December 13, 2011
The total sum paid by Japan for U.S. military bases in Japan reaches 696.7 billion yen in the FY2011, including the 53.2 billion yen allocated for a part of the U.S. Marines in Okinawa to move to Guam.
The amount remains at approximately the same level as the previous fiscal year of 714.6 billion yen. Japanese Communist Party member of the House of Representatives Akamine Seiken ascertained this in a report the Foreign Ministry submitted to him upon his request.
Over the past 5 years, the United States reduced the number of its bases around the world by 212, but firmly maintains its major bases in Japan. The Japanese government’s huge financial subsidy to the U.S. military is hampering the public moves to have these bases removed from Japan.
Under the Japan-U.S. Status of Forces Agreement (SOFA), Japan is supposed to pay 377.8 billion yen, which amounts to about 54.2% of the 696.7 billion yen. The rest is in the so-called “sympathy” budget with which Japan has constructed U.S. runways, U.S. piers, U.S. personnel housing units, and even U.S. amusement facilities.
The Democratic Party of Japan and the Liberal Democratic and Komei parties in late March forcibly obtained Diet approval to increase the “sympathy” subsidy to a one-trillion yen scale in the next 5 years. They, however, turned their back on increasing support for 3.11 disaster victims.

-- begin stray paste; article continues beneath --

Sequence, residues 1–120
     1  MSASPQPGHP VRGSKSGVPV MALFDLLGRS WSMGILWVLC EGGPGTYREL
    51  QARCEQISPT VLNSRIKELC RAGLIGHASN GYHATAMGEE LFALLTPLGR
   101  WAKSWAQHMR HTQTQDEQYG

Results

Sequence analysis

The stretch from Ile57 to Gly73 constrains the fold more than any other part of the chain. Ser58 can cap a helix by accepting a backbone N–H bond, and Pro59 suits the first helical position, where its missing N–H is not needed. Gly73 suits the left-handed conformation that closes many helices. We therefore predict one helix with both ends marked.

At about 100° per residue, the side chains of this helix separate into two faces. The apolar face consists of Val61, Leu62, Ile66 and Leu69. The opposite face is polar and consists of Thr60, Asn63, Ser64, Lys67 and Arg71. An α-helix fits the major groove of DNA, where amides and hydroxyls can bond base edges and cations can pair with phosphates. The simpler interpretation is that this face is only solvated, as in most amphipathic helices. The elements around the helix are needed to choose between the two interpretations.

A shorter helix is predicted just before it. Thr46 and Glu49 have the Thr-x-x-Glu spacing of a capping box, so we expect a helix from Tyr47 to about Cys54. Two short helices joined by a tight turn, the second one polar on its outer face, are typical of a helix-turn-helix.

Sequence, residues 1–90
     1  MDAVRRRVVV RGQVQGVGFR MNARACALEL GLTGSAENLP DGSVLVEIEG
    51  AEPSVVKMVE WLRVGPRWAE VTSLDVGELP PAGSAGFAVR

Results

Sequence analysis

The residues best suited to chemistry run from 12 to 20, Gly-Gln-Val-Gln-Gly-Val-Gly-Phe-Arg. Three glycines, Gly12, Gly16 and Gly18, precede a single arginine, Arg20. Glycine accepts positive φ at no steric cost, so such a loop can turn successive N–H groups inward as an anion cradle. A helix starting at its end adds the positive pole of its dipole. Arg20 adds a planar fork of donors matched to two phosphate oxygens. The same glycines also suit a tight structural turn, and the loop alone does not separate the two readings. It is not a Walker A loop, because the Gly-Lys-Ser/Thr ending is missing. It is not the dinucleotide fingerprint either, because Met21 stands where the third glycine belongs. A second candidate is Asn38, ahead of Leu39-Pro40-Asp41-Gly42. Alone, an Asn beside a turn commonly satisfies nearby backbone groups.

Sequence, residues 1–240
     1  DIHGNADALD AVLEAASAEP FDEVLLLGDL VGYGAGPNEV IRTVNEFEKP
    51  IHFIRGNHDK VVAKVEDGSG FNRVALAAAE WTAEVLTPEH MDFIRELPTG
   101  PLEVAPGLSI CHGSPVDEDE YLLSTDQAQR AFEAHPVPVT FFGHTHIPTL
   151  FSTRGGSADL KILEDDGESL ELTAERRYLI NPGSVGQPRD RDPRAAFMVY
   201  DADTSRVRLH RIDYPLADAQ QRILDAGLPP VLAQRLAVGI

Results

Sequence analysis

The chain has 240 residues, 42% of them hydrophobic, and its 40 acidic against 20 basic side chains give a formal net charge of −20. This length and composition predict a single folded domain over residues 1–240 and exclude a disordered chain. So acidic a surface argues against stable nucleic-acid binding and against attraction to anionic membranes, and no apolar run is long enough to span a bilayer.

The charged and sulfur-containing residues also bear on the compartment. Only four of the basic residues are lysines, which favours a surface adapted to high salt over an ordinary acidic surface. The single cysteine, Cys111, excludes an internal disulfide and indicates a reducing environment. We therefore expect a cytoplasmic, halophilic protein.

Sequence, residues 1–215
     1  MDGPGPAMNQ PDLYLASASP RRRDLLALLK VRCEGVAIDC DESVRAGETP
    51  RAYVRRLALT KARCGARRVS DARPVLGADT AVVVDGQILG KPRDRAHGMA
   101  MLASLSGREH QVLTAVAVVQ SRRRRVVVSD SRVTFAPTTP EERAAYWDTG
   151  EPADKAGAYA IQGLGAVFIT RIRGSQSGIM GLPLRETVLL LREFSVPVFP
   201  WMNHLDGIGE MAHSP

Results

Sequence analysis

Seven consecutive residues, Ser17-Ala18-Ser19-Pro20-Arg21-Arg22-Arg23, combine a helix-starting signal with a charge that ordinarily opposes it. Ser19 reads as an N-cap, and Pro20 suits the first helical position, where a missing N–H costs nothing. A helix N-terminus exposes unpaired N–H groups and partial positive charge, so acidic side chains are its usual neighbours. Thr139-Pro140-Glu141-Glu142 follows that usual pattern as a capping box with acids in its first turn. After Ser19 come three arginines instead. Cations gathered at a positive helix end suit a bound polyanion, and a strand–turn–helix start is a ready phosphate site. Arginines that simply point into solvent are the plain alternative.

A U.S. commander in Japan describes Japan as “the most generous ally”.
The U.S. government spends about 5.3 billion dollars or about 413.4 billion yen to maintain its bases in Japan. The fiscal year starts in different months in Japan and the United States, so a simple calculation is difficult. However, the absurdity is obvious because Japan pays 696.7 billion yen for the U.S. bases to be stationed in Japan. Is there any other U.S. ally in the world like this?
The U.S. military facilities in Japan alone have assets worth about 48.5 billion dollars or 3.78 trillion yen. The top four asset providers in the world for the U.S. military are all in Japan: Kadena Air Base in Okinawa, Yokosuka Naval Base in Kanagawa, Misawa AB in Aomori, and Yokota AB in Tokyo, followed by Ramstein AB in Germany, Diego Garcia Navy base on the British-held atoll in the central Indian Ocean, Guantanamo Bay Naval Base in Cuba, and Camp Zukeran in Okinawa.
With the rise of China in mind, the U.S. Obama administration is employing a hegemonic strategy over the Asia-Pacific region, and the U.S. bases in Japan are essential to fully implement this strategy.
Japan continuing covering the cost of the U.S. military is threatening not only the Japanese people’s safe living environments but also the region’s peace and mutually beneficially partnerships.